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Okay here we go with my novel LOL.

So for every 1/10 of a mile per gallon you will save .006 cpm. So you save $600 per 1/10 mpg for every 100,000 miles you drive.

On the other side of the equation for every .01 per gallon saved when purchasing fuel you will save $147.06 for every 100,000 miles driven.

There are so many variables in increasing your fuel mileage that you just have to try what you can think of and figure out what meet your goals and you’re happy with. Here is a list of things I have tried myself with varying results.

1 use cruise control as much as possible

2 don’t use cruise control at all and drive by the boost gauge keeping it under 20 lb of boost as much as possible.

3. Try driving at different speeds. Started out at 65 went as low as 58.

4 when getting to the top of a hill not increasing my speed and letting the downhill do it for me without any throttle.

5. Try to not pass other vehicles as much as possible. Staying consistent on the throttle we’ll always get better mpg.

6. Avoid traffic as much as possible. Basically speeding up and slowing down a lot is what eats gas. If I have the time to stop and pull over for 30 minutes to an hour so the traffic can get better I do it.

Basically it’s really just the driver. Just try these things for at least a week at a time per suggestion. Calculate what your fuel mileage is and what you as a driver can put up with doing then go from there. I myself have figured out that I can deal with being on cruise control as much as possible at 60 miles an hour and not trying to pass every one on the freeway and still make good time. I went from 6.3 mpg over the span of a month to 6.8 miles per gallon consistently over the last year. Even though I can get an extra 3/10 of mpg driving by the boost gauge with no cruise control I hate driving like that so I don’t do it.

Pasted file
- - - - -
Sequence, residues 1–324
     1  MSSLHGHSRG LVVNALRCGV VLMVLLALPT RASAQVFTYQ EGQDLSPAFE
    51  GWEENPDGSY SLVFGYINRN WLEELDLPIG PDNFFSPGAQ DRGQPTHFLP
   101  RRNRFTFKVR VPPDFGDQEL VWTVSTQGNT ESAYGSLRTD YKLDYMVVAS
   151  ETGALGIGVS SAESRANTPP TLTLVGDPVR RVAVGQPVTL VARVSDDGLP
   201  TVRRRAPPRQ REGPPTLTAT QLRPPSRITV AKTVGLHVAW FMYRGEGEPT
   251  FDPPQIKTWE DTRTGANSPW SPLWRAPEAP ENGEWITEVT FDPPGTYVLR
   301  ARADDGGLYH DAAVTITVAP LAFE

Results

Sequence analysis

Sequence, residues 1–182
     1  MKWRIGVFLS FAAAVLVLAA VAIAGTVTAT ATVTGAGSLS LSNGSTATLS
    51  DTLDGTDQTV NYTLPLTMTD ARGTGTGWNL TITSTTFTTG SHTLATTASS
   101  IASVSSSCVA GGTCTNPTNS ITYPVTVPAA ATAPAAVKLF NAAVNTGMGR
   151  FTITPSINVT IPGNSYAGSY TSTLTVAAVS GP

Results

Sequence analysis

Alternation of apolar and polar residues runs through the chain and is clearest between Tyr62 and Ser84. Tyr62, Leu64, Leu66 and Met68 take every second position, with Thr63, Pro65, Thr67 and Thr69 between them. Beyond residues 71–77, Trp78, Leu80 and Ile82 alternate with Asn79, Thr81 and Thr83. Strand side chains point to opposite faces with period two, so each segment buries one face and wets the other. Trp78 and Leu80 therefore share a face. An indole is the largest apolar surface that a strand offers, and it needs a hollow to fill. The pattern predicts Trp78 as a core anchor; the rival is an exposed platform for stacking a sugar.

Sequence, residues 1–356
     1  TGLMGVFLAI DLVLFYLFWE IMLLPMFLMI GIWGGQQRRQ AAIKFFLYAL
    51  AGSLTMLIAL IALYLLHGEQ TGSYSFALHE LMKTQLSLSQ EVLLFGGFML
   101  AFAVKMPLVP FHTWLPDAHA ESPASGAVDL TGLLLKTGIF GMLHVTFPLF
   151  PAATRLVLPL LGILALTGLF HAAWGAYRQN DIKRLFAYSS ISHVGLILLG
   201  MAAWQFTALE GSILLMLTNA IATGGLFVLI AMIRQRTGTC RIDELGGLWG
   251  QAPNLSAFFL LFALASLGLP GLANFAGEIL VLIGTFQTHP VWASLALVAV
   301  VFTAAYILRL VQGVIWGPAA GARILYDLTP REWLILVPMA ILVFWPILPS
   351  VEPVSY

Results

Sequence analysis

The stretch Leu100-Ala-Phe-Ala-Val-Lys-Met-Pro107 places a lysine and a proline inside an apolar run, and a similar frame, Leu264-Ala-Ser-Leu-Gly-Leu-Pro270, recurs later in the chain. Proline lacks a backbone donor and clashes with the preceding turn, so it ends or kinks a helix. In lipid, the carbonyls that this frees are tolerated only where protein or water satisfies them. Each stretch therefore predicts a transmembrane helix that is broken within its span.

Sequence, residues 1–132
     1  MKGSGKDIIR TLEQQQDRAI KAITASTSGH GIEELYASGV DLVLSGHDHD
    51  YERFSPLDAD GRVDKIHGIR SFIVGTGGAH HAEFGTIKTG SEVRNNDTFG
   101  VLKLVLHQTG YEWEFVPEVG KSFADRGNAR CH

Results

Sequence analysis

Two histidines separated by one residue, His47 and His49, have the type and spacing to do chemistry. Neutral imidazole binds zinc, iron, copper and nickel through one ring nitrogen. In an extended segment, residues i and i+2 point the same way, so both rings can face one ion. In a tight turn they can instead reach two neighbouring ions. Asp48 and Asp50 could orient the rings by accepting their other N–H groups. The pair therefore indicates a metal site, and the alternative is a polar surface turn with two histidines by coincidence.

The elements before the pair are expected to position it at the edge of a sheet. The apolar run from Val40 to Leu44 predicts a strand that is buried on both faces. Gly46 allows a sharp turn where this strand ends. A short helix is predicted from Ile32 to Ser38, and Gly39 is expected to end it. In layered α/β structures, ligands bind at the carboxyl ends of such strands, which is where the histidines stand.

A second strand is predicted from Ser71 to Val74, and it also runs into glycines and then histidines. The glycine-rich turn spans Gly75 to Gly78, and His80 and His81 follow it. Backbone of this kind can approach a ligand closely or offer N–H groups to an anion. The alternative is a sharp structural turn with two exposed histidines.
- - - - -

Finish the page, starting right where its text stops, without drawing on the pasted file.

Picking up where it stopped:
So now let’s discuss purchasing fuel. This to is up to what the driver wants to deal with. You will fall into one of two mentalities. You will either account for the IFTA tax when calculating the fuel price or you wont and here’s why.

If you take the ifta tax into account when calculating fuel cost was that means is that you are still paying the higher price for the fuel at that point in time but saving on your quarterly IFTA payment. This means you would spend more money now to save money later.

On the other hand if you are like me and don’t account for the ifta tax and are just buying the cheaper fuel based on the pump price then you are spending less money now but we’ll have a higher IFTA quarterly payment. Once again it is just up to the driver. I myself don’t mind spending a few hundred dollars every 3 months rather than spending significantly more than that to save some every 3 months.

So when purchasing fuel find out what fuel stations you get a discount at from your carrier or fuel card. If the fuel card has an app that will give you the pump price definitely use it. If not there are plenty of apps out there that will give you the current fuel price pretty much everywhere.

As far as other ways to save money I could talk your ear off for a few hours. But I’ll give you a few pointers.

1 shop around for someone to do your maintenance on your truck. Let me put it this way i save $150 – $250 / per PM service by using the dealer of my truck rather than a truck stop.

2. Do as much of the work on your truck yourself as you can. But also remember your time is worth something. So definitely shop around to see if you’re actually saving anything by doing it yourself.

3 definitely get a good accountant that is experienced in this industry. My accountant has saved me thousands on my taxes. The original accountant I had was not well versed in the trucking industry and told me my first quarterly payment was $6,500 the accountant I ended up with did my whole year and I only paid $7250.

Well this is long enough so I’m cutting it off now hope some of this information helps.

 

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